Met and Unmet Needs of Patients with Schizophrenia - Brief Research Report of a Romanian Sample

By Popescu, Codruta; Miclutia, Ioana | Journal of Cognitive and Behavioral Psychotherapies, September 2009 | Go to article overview
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Met and Unmet Needs of Patients with Schizophrenia - Brief Research Report of a Romanian Sample


Popescu, Codruta, Miclutia, Ioana, Journal of Cognitive and Behavioral Psychotherapies


Abstract

The objective of the study was to translate and adapt the Romanian version of the Camberwell Assessment of Needs, and to assess its inter-rater reliability in a sample of patients diagnosed with schizophrenia. Fifty-eight schizophrenic patients were assessed using the 22 domains of the Romanian version of the Camberwell Assessment of Needs. The kappa coefficient was used to assess inter-rater reliability. For 21 domains the inter-rater reliability was almost perfect to total (range: 0.86 to 1.0). The domain with the lowest agreement was companionship. The inter-rater reliability of the Camberwell Assessment of Needs was similar to what has been found in previous studies. The use of standardized instruments to assess needs of care in Romania will contribute to the assessment of the effectiveness of treatment and to the planning of individualized care for individuals with mental illnesses.

Keywords: needs assessment, schizophrenia, psychiatric status, rating scale

Individuals with schizophrenia face limitations in their daily life activities. Their needs are complex. Stevens & Gabbay (1991) define the concept of need as ''the ability to benefit in some way from healthcare''.

In most of the countries, the systematic assessment of needs related to living conditions, routine tasks, social relationships and disabilities associated with the psychotic illness is considered essential for service planning and for the establishment of treatment goals (Joska & Flisher, 2005). Deinstitutionalization of people with schizophrenia increases the importance of evaluating their needs. In Romania, the assessment of needs is infrequently done. Thus far, no instruments have been translated and validated in Romanian. This study was designed to address this need.

Needs have to be negotiated between service users (people who receive intervention) and formal carers (staff who assesses and intervenes to meet those needs) (Najim & McCrone, 2005). The adult Camberwell Assessment of Need (CAN) (Phelan, Slade, Thornicroft et al., 1995) is the only instrument that takes account of both users and staff on the same measures.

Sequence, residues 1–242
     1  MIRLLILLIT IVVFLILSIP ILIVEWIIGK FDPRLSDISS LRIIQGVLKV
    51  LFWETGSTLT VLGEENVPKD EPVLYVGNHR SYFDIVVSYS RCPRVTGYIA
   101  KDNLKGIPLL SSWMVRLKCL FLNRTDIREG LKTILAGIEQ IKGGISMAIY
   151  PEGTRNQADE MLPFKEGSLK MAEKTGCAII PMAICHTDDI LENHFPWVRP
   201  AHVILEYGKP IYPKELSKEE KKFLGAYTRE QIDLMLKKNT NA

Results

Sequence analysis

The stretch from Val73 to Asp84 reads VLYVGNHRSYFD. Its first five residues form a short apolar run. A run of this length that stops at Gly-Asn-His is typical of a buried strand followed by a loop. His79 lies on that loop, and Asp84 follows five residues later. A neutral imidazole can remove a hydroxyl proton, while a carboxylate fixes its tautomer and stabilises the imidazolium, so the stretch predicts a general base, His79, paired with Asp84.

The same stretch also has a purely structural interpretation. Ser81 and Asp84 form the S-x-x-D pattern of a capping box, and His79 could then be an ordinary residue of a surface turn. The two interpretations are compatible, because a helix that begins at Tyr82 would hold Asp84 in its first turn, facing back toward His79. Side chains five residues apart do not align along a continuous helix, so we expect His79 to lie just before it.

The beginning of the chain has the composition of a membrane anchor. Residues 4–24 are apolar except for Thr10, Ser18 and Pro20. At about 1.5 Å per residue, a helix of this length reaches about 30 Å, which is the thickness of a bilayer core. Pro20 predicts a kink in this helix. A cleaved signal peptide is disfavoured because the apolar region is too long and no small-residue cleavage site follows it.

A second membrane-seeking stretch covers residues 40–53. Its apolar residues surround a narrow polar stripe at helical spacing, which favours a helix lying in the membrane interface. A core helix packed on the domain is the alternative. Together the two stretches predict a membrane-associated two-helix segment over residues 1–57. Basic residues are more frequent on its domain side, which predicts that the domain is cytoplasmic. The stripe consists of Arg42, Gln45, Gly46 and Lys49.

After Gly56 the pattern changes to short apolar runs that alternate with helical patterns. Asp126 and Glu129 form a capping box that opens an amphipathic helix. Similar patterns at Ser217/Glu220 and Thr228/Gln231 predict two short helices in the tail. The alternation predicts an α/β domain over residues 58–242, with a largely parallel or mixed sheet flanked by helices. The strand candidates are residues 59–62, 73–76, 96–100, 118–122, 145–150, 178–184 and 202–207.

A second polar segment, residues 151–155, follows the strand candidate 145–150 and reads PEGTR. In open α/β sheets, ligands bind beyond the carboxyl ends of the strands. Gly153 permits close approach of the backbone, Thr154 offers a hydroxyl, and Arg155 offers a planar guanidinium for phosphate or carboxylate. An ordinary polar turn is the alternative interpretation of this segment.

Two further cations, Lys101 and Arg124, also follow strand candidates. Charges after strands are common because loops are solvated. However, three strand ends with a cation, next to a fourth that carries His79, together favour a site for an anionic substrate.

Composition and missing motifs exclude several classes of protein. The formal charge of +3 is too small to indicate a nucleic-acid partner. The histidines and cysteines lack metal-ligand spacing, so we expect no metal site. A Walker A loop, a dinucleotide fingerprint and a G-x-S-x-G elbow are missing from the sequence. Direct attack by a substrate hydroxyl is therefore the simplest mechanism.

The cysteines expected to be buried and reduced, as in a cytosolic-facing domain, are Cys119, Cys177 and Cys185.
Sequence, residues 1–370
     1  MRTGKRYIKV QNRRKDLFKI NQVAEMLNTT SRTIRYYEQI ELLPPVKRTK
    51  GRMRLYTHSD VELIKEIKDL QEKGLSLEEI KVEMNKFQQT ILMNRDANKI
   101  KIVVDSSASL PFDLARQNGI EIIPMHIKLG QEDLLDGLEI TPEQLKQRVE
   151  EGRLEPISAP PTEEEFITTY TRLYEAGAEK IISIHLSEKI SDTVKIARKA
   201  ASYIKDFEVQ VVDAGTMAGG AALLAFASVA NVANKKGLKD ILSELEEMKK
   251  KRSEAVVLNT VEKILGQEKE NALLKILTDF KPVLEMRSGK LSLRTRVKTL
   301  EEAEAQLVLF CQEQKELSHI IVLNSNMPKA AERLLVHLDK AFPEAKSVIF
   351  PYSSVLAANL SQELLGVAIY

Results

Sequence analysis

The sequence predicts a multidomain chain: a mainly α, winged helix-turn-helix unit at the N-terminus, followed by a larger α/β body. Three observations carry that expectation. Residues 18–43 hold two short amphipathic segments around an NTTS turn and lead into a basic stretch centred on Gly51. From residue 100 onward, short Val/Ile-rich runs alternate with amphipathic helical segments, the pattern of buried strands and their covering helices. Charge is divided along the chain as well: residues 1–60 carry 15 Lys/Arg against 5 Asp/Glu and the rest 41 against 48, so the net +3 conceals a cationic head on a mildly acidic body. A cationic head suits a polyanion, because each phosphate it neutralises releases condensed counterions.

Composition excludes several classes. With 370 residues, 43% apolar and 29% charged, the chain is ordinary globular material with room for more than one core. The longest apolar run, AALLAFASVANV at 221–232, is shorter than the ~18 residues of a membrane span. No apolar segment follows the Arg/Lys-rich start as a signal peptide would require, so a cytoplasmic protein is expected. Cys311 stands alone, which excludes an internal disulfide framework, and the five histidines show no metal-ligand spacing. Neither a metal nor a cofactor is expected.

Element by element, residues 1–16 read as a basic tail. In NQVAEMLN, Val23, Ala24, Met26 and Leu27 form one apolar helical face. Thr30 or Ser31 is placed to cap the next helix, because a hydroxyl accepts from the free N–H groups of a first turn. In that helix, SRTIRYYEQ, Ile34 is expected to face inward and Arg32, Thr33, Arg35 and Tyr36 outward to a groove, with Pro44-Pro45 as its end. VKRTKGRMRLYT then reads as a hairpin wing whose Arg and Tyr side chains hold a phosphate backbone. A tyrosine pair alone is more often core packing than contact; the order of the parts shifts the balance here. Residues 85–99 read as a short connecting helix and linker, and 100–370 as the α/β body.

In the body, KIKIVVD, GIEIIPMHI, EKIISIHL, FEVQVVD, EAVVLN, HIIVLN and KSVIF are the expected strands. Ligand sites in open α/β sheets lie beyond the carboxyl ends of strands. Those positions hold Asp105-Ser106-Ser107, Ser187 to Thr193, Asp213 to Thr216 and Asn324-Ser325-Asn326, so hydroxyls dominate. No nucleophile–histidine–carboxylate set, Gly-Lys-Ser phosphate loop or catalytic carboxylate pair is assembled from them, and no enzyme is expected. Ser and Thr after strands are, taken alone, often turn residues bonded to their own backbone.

The objective of this study was make the instrument accessible to Romanian clinicians, this study translated and validated a Romanian language version of the adult Camberwell Assessment of Needs; it also identified the most common needs of people with schizophrenia living in the community in Romania

Method

Participants

This study was conducted at the Second Psychiatric Clinic in Cluj- Napoca, Romania as part of a research grant "ACCESEGAL - Social inclusion and work access for people with severe mental illness'' (contract PC 91- 1056/2007).

Fifty-eight patients diagnosed with schizophrenia were recruited at the Second Psychiatric Clinic in Cluj-Napoca. Inclusion criteria were: an ICD-10 diagnosis of schizophrenia, a minimum 1 year after the establishment of the diagnosis of schizophrenia, age between 18 and 55 at the time of inclusion. Exclusion criteria were: history of head injury, current substance abuse, a general medical condition that could mimic a psychosis, IQ less than 70.

Measures

The patients were evaluated using the following instruments:

1. A socio-demographic and clinical questionnaire that included information on psychiatric history, professional history, income and housing status;

2. The Camberwell Assessment of Needs -Romanian version.

The adult Camberwell Assessment of Need (CAN) was developed by Slade, Thornicroft and colleagues at the Section of Community Psychiatry (PriSM) of the London Institute of Psychiatry. The adult CAN is a family of questionnaires for assessing the wide range of problems which can be experienced by a mental health service user with severe mental health problems. It covers 22 different areas of life, and can be used to assess the perceptions of the service user, their carer, and clinical staff working with them (i.

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